Generally, addictions are attributed to illicit/illegal substances. Things that create a reaction in the brain and eventually control your behavior. Many substances are physically addictive, meaning the body forms a dependency on it and trying to stop using the substance results in painful physical, emotional, and mental trauma. Narcotics and opioids are prime examples.
But as we discussed in the last post, sugar is every bit as addictive. It’s not only not illicit or illegal, it is an ingredient in practically every packaged product on the grocery store shelf. You might even call food manufacturers legalized drug dealers. Seems like another industry got in a lot of trouble for doing something similar. Who could that be? Let me see. Oh, yeah, the tobacco industry!
Remember, executives of tobacco companies knew way back in the 1960’s that tobacco, or actually the nicotine in tobacco, was addictive and caused all kinds of illnesses, cancer being the most serious. Not only did they not publish those findings, they manipulated their products to be even more addictive, and thus more deadly.
The food industry has not met the same fate, though they arguably are just as culpable in producing an entire population of addicts.
Everyone knows intellectually that smoking is bad for your health, and yet millions of people the world over still light up every day. They not only can’t stop because of a physical addiction, but most don’t want to stop, which is part of the addictive behavior, as well. For those who try to take steps to kick the addiction, they go through agonizing withdrawal symptoms and pay for expensive medications and treatments. Many simply switch addictions by eating or forming a different habit to avoid the craving for cigarettes.
I’m going to be honest here. I have never seriously smoked. I tried cigarettes a time or two as a teen, but thankfully never developed any kind of affinity for smoking. It didn’t interest me. I didn’t like the taste, smell or feeling of it. So, while I certainly sympathize with tobacco users who want to quit, I cannot offer advice from personal experience.
However, according to many experts there are several steps to take. Let’s consider these as our baby steps to Step 10: Breaking Addictions.
- Know the facts. It doesn’t take a genius to know smoking is bad for your health, but do you really know how serious it is? Educate yourself, and the truth may set you free. The American Cancer Society published the following effects of smoking. This should scare you.
- Smoking kills, on average, 1,200 Americans. Every day.
- Smoking causes heart disease, emphysema, acute myeloid leukemia, and cancer of the mouth, esophagus, larynx, lung, stomach, kidney, bladder, pancreas, and cervix.
- Smoking is highly addictive. Nicotine is the addictive drug in tobacco.
- Altria, R.J. Reynolds Tobacco, Lorillard, and Philip Morris USA intentionally designed cigarettes to make them more addictive.
- When you smoke, the nicotine actually changes the brain – that’s why quitting is so hard.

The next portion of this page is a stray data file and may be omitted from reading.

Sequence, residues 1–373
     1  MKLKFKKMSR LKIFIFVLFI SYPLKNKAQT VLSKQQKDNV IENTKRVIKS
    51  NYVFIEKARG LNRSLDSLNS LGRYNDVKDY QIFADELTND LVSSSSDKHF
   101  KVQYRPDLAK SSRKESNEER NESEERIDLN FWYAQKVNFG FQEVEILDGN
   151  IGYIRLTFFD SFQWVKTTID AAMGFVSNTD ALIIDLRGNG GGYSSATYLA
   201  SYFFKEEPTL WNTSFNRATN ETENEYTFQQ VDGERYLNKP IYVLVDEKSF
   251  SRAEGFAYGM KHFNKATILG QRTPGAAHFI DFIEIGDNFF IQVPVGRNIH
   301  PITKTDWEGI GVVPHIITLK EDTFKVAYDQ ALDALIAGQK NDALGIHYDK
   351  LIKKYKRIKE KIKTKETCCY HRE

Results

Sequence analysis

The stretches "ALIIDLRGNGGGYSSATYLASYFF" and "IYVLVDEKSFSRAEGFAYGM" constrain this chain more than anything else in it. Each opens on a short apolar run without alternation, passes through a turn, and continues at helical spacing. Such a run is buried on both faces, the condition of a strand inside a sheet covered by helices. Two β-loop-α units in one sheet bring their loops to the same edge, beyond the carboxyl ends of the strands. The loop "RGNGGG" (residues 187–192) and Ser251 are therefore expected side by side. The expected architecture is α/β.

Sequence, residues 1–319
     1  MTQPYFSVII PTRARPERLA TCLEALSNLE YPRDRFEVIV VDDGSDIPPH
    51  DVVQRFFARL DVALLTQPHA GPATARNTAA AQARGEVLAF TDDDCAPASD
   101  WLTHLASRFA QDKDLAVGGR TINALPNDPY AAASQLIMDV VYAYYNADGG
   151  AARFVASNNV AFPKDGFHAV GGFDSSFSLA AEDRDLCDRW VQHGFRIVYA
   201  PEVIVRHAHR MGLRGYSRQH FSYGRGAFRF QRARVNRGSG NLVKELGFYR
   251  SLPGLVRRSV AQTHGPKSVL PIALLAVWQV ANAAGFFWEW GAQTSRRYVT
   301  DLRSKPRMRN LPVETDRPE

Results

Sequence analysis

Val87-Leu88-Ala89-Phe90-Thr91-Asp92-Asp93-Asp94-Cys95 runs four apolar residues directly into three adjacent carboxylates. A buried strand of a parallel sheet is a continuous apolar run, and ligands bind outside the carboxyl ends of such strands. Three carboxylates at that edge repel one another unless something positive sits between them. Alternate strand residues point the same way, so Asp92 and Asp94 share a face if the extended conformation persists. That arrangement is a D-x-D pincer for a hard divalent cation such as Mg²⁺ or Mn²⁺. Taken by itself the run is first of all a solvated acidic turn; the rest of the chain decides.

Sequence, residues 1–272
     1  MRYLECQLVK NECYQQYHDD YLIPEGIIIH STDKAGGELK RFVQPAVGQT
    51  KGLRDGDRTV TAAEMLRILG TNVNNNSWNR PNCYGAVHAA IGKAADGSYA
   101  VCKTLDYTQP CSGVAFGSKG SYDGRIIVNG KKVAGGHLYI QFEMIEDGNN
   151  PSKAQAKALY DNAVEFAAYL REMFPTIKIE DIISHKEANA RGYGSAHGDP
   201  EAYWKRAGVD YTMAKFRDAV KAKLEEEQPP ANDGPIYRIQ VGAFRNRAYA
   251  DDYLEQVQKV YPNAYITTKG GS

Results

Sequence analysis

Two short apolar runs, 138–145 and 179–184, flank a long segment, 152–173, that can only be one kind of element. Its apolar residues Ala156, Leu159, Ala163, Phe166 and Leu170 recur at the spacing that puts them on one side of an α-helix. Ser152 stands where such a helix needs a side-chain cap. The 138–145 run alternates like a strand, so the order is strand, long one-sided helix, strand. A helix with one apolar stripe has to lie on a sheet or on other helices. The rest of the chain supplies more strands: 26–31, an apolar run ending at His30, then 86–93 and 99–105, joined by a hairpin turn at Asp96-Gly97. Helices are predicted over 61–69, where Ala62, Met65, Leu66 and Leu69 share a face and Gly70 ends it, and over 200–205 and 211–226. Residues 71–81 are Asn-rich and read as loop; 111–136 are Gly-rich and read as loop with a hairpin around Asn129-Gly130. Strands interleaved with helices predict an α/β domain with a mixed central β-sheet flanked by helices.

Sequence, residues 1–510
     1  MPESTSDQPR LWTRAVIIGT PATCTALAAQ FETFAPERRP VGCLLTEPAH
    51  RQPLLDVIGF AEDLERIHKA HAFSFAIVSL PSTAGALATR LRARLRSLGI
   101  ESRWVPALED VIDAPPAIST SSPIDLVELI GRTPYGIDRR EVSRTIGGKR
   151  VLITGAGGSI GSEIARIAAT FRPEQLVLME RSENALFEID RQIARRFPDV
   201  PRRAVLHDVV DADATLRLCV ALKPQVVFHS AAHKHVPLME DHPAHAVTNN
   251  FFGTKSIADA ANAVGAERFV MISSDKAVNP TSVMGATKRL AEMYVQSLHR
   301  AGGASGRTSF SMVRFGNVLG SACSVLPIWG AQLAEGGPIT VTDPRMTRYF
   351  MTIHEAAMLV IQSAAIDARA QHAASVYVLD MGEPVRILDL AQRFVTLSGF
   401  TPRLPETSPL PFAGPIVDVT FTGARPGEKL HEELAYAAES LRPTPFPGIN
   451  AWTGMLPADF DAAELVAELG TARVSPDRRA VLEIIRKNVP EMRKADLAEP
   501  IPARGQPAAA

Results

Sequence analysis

- Many smokers switch to low tar and light cigarettes rather than quitting because they think low tar and light cigarettes are less harmful. They are not.
- All cigarettes cause cancer, lung disease, heart attacks, and premature death – lights, low tar, ultra lights, and naturals. There is no safe cigarette.
- Secondhand smoke kills over 38,000 Americans each year. There is no safe level of exposure to secondhand smoke.
- Decide to quit. Pick a date and time to quit. Write it on your calendar. Post it on your bathroom mirror.
- Tell your friends and family. Accountability is key in any attempt to change. Supporters can cheer you on when you’re doing good, and pick you up when you fail.
- Destroy all smoking reminders. Throw away all cigarettes, ash trays, lighters, etc. Make it as hard as possible to be tempted.
- Change your habits. Probably many of your cigarettes coincide with other habits, like your morning coffee or while you’re driving or during high stress meetings. How can you change those habits? What can replace the cigarette? Not candy, but maybe something else to keep your hands and mind busy. Avoid places where you know people smoke. Change your smoke break to a walk break, for example
- Get medical help. The physical withdrawal from tobacco is no joke. Talk to your doctor about medical options to help you through the initial withdrawal phase. This isn’t usually a long-term solution to the addiction, but it will help you kick start the process.
- Be positive. Your attitude is directly related to your success. Remind yourself as often as possible that you CAN and WILL quit smoking. Stoke your commitment.
- Persevere. The people who succeed at anything are not the ones who are the strongest, but the ones who don’t quit.
The key to breaking any addiction is to break the addictive behavior – kill the root, so to speak. An addiction to an illegal drug, such as heroin or cocaine, is little different than an addiction to cigarettes, alcohol, or sugar. Social acceptance, notwithstanding. In addition to taking the eight practical steps above, consider counseling to help you identify the mental and emotional bonds that trigger your particular addictive behavior.
There is no shame in getting help.
If you’re serious about improving your health and have stepped your way through the last nine steps of the 12 Steps to a Healthier You Journey, then don’t stop now. Any addiction affects your health – physically, mentally, and emotionally. The good news is ALL addictions can be conquered. You’re in good company if you’re committed to taking Step 10: Breaking Addictions. It may not be the easiest step, but it will have a great impact on your health.
If you have some personal experience in quitting smoking or just want to encourage others facing this challenge, leave a comment below.